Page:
Connecticut Exports Hit Record Level
Last year President Obama challenged the nation’s businesses to double their exports within 5 years. Connecticut has been responding to that call, and as WNPR’s Harriet Jones reports, small business has been a key part of the effort.
Exporting—selling products overseas—is complex and often challenging. It may not seem to be a natural fit for a small business. Not so, says economist Peter Gioia of the Connecticut Business and Industry Association.
“A lot of small businesses may have export potential. Certainly the smallest don’t, but when you’re talking under a hundred, a lot of firms 50 or more employees might. A lot of times these firms may want to get involved in that, but they don’t have the resources of a company that say have 4 or 5 hundred, 5 thousand employees in order to do it.”
“This is a nitrogen system. We’re taking the air, we’re compressing it, we’re putting it through a purification process where the oxygen and nitrogen molecules get separated….”
Guy Hatch is CEO of OnSite Gas, a Newington-based company that makes gas production units for commercial customers, the oil industry and for military applications. This company has just 50 employees, but it exports its products to more than 60 countries. Onsite has been selling overseas almost since it was first founded in the 1980s, but it’s still breaking into new markets, most recently selling medical oxygen generators to the Israeli military. Hatch says for that sale he had the backing of the US Commerce Department, something that’s vital for a small business.
“It gives you a lot of credibility. We’re a small company—50 employees—to get the attention of people at the level in the Israeli ministry of defense that’s required to supply a piece of equipment for their needs—we couldn’t do that without somebody, the federal government particularly, supporting us or at least identifying us as a credible company that had a product that could meet those needs.”
In Connecticut, that’s the job of Anne Evans, who runs the Commerce Department’s office in the state.
“It’s all about, what does a small company need to get into an export market.”
She and her staff provide help to businesses in identifying overseas partners and markets, completing regulatory paperwork and even in how to ship overseas. Evans says the driver for small businesses to get into exporting is always sales.
“Only 5 percent of the world’s customers are here in the US. Ninety-five percent are overseas. This is where their growth is. They may have saturated their US market and now they need to go further.”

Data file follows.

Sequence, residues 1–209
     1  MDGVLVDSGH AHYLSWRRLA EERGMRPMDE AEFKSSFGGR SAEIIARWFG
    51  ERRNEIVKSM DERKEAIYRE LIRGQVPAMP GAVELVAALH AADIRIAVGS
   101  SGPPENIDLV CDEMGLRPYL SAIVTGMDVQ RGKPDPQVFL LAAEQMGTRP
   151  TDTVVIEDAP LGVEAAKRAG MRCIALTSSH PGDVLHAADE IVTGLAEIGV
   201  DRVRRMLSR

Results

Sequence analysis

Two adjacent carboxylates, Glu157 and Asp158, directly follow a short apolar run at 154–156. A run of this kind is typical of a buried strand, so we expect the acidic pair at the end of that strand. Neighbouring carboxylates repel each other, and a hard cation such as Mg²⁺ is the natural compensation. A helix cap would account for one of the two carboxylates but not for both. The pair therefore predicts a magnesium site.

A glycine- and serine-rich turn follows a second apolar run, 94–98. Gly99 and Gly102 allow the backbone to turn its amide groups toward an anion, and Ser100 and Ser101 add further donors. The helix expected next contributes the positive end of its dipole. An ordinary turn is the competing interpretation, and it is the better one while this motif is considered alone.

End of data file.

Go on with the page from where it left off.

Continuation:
In 2010, exports from Connecticut companies went up by almost 15 percent to more than 16 billion dollars, a record for the state.
“And we are the second most export-dependent state in the country. This is very important to Connecticut’s economy—what we do here is vital. We’re a lot of defense and aerospace, huge amount of aerospace, and we have a lot of manufacturing, and a lot of that goes overseas.”
Of course Connecticut’s big aerospace companies, Pratt & Whitney and Sikorsky, take the lead in exporting in their sector, but small companies also play a part. United Technologies actually makes its own export network available to help some of its smaller suppliers break into overseas markets. And trade groups such as the Aerospace Components Manufacturers also help smaller companies to aggregate their efforts. Doug Rose runs AeroGear, a gearbox manufacturer in Windsor.
“And there’s a group of companies—it’s up to 60, and we’re actually collectively doing some marketing together, and trying to say—come to Connecticut for your aerospace products. That is better than an individual company trying to market itself.”
Last year the group was able to advertise the work of Connecticut’s small aerospace companies at the world’s largest airshows in Paris and Farnborough. So what makes US products from small companies sell in overseas markets? Bruce Wilson runs Aplicare, a Meriden based company that makes disposable skin cleansing products for use in hospitals and other medical settings.
“In other countries where the health care system is not quite as developed as it is here, our products are in fact new technology.”
Aplicare began exporting in earnest just a few years ago, after receiving increasing numbers of Internet inquiries from overseas. Wilson says for small US companies, competing overseas is not about price.
“Made in the USA really still does set the gold standard. So there are many, many countries, Japan, a lot of the South American countries that look for that ‘manufactured in the United States’ as a symbol of quality.”
If Connecticut is able to meet the goal set by President Obama of doubling its exports by 2015, it could generate another 30 to 40 thousand jobs in the state, the majority of them in small businesses.